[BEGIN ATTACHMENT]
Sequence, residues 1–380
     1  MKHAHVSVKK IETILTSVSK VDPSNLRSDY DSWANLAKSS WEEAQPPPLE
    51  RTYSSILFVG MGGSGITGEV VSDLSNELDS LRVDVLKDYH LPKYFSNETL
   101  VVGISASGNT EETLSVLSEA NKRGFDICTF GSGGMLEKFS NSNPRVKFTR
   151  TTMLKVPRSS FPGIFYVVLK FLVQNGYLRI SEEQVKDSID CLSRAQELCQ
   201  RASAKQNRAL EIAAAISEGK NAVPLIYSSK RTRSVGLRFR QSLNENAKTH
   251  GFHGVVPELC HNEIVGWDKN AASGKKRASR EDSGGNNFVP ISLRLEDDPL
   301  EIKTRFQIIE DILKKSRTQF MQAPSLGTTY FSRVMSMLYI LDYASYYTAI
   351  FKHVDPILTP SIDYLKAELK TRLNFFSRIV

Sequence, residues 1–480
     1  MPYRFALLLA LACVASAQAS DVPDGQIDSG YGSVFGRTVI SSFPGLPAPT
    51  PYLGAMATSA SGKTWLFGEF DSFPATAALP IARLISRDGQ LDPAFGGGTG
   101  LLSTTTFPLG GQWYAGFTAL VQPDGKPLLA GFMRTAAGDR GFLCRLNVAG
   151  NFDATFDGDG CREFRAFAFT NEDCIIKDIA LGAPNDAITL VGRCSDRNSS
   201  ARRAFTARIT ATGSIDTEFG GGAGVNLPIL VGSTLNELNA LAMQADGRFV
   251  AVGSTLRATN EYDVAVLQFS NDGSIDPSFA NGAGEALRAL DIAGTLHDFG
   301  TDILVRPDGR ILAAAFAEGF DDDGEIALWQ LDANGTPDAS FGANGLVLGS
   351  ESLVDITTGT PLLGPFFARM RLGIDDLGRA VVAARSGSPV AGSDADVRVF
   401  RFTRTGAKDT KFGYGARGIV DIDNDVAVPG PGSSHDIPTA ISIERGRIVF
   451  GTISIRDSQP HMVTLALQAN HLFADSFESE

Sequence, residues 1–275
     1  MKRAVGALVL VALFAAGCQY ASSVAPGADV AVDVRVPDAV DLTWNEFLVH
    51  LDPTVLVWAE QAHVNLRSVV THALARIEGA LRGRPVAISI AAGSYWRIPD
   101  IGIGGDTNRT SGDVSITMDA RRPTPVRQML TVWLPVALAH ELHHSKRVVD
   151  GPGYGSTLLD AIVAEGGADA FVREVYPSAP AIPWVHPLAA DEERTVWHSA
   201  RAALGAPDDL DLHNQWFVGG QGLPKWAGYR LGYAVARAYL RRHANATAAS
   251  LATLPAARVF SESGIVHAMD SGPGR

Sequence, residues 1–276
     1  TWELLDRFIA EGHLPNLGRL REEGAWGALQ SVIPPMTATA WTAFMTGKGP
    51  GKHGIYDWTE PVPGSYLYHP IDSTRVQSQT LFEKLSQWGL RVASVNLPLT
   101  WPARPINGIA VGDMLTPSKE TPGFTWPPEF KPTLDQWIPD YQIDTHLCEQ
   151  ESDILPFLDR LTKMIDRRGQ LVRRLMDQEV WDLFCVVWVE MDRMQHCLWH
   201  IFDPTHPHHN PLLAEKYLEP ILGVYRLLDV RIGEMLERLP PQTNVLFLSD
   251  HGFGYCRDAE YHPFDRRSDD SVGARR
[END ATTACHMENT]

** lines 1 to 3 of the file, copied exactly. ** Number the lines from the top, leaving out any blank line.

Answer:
Sequence, residues 1–380
     1  MKHAHVSVKK IETILTSVSK VDPSNLRSDY DSWANLAKSS WEEAQPPPLE
    51  RTYSSILFVG MGGSGITGEV VSDLSNELDS LRVDVLKDYH LPKYFSNETL